U.S. District Judge Victor Marrero emphatically rejected Trump's attempt to keep his financial records under wraps, calling the president's broad claim of immunity from all criminal proceedings "extraordinary" and "an overreach of executive power" at odds with the Constitution.

For now, at least, the tax returns remain beyond the reach of prosecutors. The president's lawyers appealed the judge's ruling to the 2nd U.S. Circuit Court of Appeals, which put the matter on hold while it considers the case on an expedited basis.

At issue is a request from Manhattan District Attorney Cyrus R. Vance Jr. that Trump's accounting firm turn over eight years' worth of his business and personal tax returns dating back to 2011.

Vance, a Democrat, is investigating payments made to buy the silence of Daniels and model Karen McDougal, both of whom claimed to have had affairs with the president.

"The Radical Left Democrats have failed on all fronts," Trump fumed on Twitter after the judge's ruling, "so now they are pushing local New York City and State Democrat prosecutors to go get President Trump. A thing like this has never happened to any President before. Not even close!"

The district attorney's office declined to comment.

The investigation is unfolding with Trump already facing a fast-moving impeachment drive by House Democrats that was set off by his attempts to get Ukraine's leader to investigate his political rival Joe Biden.

Trump's lawyers have said that Vance's investigation is politically motivated and that the request for tax records should be stopped because Trump is immune from any criminal probe as long as he is president.

The judge swept that claim aside as overly broad.

"As the court reads it, presidential immunity would stretch to cover every phase of criminal proceedings, including investigations, grand jury proceedings and subpoenas, indictment, prosecution, arrest, trial, conviction, and incarceration," Marrero wrote. "That constitutional protection presumably would encompass any conduct, at any time, in any forum, whether federal or state, and whether the President acted alone or in concert with other individuals."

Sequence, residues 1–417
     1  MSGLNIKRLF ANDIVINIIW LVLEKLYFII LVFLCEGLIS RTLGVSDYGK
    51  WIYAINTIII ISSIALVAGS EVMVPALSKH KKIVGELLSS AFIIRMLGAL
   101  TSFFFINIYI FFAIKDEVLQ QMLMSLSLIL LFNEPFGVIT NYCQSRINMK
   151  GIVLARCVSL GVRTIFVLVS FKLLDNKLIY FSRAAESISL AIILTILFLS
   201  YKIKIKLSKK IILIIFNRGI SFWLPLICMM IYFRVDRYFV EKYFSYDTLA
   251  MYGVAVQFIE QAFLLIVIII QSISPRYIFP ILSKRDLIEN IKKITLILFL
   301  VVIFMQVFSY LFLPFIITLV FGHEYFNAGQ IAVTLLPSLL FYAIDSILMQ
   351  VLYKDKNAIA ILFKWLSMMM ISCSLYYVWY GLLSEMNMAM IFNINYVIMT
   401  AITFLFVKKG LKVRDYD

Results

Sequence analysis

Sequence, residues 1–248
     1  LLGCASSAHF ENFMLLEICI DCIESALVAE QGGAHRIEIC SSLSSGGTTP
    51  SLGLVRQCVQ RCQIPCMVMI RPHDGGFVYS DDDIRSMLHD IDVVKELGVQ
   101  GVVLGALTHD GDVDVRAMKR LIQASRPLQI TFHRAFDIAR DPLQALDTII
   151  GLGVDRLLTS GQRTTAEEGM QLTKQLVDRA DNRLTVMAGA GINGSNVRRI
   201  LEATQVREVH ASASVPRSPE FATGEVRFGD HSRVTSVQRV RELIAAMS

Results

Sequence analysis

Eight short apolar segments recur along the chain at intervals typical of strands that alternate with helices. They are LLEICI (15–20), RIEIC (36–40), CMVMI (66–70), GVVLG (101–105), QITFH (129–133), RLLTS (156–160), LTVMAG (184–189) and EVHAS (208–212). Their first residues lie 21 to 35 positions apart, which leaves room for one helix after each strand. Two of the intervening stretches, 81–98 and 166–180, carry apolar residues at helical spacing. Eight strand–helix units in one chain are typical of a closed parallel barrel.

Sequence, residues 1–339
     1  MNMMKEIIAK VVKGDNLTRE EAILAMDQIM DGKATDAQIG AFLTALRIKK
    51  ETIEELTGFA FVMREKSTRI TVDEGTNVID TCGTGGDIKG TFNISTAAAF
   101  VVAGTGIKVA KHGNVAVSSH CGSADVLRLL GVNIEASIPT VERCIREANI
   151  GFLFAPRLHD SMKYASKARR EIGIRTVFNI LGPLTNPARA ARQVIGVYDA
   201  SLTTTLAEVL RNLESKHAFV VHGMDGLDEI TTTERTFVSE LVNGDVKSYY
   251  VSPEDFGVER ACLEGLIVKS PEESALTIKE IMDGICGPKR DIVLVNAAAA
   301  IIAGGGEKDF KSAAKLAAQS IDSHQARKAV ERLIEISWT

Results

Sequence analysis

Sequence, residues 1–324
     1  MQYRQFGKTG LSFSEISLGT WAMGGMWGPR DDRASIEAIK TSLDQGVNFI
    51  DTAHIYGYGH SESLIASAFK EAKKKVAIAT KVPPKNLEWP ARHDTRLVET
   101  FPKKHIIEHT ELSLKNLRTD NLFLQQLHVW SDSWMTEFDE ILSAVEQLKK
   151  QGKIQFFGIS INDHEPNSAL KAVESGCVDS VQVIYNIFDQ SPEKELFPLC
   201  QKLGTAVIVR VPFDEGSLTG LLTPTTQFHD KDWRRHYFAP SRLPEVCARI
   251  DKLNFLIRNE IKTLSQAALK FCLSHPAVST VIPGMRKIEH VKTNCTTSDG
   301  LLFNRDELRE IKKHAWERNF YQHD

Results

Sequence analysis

The judge said he couldn't accept that legal view, "especially in the light of the fundamental concerns over excessive arrogation of power" that led the founding fathers to create a balance of power among the three branches of government.

Trump has steadfastly refused to make his tax returns public, breaking a tradition set by presidents and White House candidates decades ago. He has also gone to court to fight congressional subpoenas issued to his bank for various personal financial records, including his tax returns. That dispute is also before the federal appeals court.

In yet another effort to pry loose Trump's tax records, California recently passed a law requiring candidates for president or governor to turn over five years' worth of returns, or else they cannot appear on the state's primary ballot. A federal judge blocked the law this month, saying it is probably unconstitutional.

Vance began his probe after federal prosecutors in New York completed their investigation into payments that Trump's former personal lawyer, Michael Cohen, arranged to be made to the two women to keep them silent during the presidential race.

Cohen is serving a three-year prison sentence for crimes that included campaign finance violations in connection with the hush money.

Trump was never charged, though prosecutors said publicly that he was aware of and directed the illegal payments. Justice Department policy has long been that sitting presidents cannot be charged criminally.

Grand jury proceedings and records in New York are secret. If Vance gains access to Trump's returns through a grand jury investigation, that doesn't necessarily mean their contents will be disclosed publicly.

It is unclear what Trump's returns might have to do with the criminal investigation or why prosecutors are reaching back as far as 2011.

But the long reach of the subpoena might stem in part from testimony Cohen gave to Congress early this year when he asserted that Trump overstated his wealth to financial institutions before he became president.

Cohen turned over copies of financial statements he said the president provided to Deutsche Bank during a 2014 effort to buy the Buffalo Bills. The statements showed Trump's net worth soaring from $4.55 billion in 2012 to $8.66 billion in 2013.

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Associated Press writer Eric Tucker in Washington contributed to this story.


          

Democrats subpoena Pentagon, White House budget office in impeachment probe